Elerinmo of Erinmo, Oba Michael Odunnayo Ajayi, has stated that President Muhammadu Buhari may have meant well by trying to involve traditional rulers in tackling insecurity, but said that it must be backed with constitutional actions.
“I want to believe that the speech was made in good faith. It is a welcome development coming from the President, but it is not enough to challenge traditional rulers to take charge of their people’s security. What is more important is to empower the traditional rulers to be able to carry out these responsibilities.
Much as I would like to thank the President for remembering monarchs as the missing link, I would also urge him to take a step further by recognising and stating specific roles for us in the constitution. This will in no small way have positive effects on our present predicaments”, Ajayi said while reacting to the President.s New Year broadcast to Nigerians.
“I have long been an advocate of making the traditional rulers the fourth tier of the government. Indeed, let me fly a kite here by saying that traditional institutions should actually be the recognised authority at the local government level. Responsibilities must be matched with equal level of authority. Long before Africa was colonised, traditional institutions had existed and had taken charge of not only the security but also the general administration of our people as well as their welfare at the local government level. The real question is why are the traditional rulers not given that role in the Nigerian constitution?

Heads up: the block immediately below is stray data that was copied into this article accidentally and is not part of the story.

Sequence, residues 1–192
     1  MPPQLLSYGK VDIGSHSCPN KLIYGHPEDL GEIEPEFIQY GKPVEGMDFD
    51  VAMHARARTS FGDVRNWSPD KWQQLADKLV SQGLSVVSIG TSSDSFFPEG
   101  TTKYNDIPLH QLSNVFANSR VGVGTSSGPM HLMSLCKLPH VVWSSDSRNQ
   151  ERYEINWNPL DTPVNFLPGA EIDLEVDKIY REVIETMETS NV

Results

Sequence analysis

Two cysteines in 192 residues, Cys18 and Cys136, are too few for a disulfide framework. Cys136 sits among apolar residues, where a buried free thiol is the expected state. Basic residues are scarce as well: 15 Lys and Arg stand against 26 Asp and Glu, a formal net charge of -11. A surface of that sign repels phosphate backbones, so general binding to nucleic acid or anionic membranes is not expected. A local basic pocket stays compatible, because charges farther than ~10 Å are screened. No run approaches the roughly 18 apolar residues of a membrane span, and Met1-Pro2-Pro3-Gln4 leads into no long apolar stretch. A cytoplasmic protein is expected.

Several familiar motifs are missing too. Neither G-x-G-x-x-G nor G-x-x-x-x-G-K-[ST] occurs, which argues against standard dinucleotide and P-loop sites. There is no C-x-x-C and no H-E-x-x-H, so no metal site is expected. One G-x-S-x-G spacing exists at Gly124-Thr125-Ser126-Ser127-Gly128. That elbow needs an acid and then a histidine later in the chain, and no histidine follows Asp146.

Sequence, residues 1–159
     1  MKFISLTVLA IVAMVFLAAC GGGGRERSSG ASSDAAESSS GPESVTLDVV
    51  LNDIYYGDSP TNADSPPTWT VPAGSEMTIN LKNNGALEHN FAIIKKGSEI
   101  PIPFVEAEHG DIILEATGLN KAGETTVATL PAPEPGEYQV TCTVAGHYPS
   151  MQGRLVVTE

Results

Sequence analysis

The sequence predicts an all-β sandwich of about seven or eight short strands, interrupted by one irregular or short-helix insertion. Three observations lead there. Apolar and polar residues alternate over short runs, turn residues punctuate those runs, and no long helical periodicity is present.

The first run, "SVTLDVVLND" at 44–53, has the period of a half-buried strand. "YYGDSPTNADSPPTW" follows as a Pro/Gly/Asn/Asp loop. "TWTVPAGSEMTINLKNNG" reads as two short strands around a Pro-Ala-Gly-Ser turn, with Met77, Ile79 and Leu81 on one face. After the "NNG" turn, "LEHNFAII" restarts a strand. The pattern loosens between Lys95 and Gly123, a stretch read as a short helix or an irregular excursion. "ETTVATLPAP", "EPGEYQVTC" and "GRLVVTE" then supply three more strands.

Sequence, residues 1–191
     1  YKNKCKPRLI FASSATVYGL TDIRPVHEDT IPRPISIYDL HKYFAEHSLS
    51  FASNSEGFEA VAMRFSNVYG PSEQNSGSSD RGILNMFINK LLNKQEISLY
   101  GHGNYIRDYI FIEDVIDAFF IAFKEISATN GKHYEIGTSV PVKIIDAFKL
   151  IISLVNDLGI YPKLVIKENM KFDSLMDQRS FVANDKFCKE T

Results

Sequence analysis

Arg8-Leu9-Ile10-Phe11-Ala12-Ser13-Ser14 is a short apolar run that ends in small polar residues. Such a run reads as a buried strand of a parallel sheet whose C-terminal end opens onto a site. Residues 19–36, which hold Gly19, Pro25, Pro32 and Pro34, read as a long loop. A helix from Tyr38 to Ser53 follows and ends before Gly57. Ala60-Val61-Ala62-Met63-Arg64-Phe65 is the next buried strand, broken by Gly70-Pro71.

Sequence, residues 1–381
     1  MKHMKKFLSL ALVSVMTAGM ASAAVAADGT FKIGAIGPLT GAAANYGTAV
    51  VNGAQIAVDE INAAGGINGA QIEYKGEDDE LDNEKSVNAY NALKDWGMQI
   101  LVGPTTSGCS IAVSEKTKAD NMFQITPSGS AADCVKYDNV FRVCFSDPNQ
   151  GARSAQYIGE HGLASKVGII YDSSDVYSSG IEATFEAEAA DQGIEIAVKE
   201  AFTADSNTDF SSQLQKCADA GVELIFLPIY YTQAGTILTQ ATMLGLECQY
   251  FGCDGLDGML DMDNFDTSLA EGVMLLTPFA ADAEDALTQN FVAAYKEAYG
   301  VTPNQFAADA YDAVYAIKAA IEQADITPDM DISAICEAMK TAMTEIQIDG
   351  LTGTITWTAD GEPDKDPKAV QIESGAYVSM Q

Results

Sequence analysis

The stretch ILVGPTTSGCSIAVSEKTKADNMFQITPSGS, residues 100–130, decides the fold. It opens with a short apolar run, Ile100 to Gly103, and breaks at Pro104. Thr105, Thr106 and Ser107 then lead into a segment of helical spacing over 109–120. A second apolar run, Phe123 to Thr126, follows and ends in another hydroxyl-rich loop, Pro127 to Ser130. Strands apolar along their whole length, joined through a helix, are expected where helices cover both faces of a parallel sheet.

“However, it is a known fact that no traditional ruler can turn a deaf ear to the plight of his people. I believe the time has now come to engage monarchs in governance beyond being symbolic representatives of their people. I view the statement from the President as a sign that sooner than later, he will be given more attention and support to the monarchs to take charge of things at the local level and in their respective domains: one of which is to ensure that there is a budget that matches the responsibilities given. I have always wondered why security votes gets to the States but none ever comes to the traditional rulers”.
The monarch went on: “Talking about the herders and farmers clashes, it has many angles to it. Firstly, I believe the ranks of many of the so called herders has been infiltrated by bad elements or bandits as you call them, who are outrightly there for criminal purposes. Secondly there has always been a competition for available resources between farmers and herders which even from time immemorial, has led to clashes, though not as violent as it is now.
The world, no doubt has advanced and there are better and more economically beneficial ways to rear animals as well as farming. The government needs to engage the major stakeholders without taking sides to ensure that the other root causes of these problems, the sponsors of these evil and those benefiting from the problems are brought to justice to avoid anarchy.
“On the issue of state police, I still find it difficult to understand what people mean by that under the present structure we have in Nigeria today. In Yoruba land we say when a child falls he/she looks forward but when an elder falls, he looks back to see the root cause. The way forward is to look back and go back to where we started from. In a country like the United States of America, they have police department structure in each State and County. There is no overall Inspector General of Police.
Every locality develops the kind of police that suits its needs. Such structure is not enshrined in our constitution for now. That is one area the legislatures have to look into. No doubt all crimes are local to a certain extent but our present federal structure is federal in words but not indeed. I will suggest that the elected parliamentarians should go back to their respective constituencies to get their people’s views and of cause this must involve the traditional institutions to avoid abuse of power before State police becomes a reality.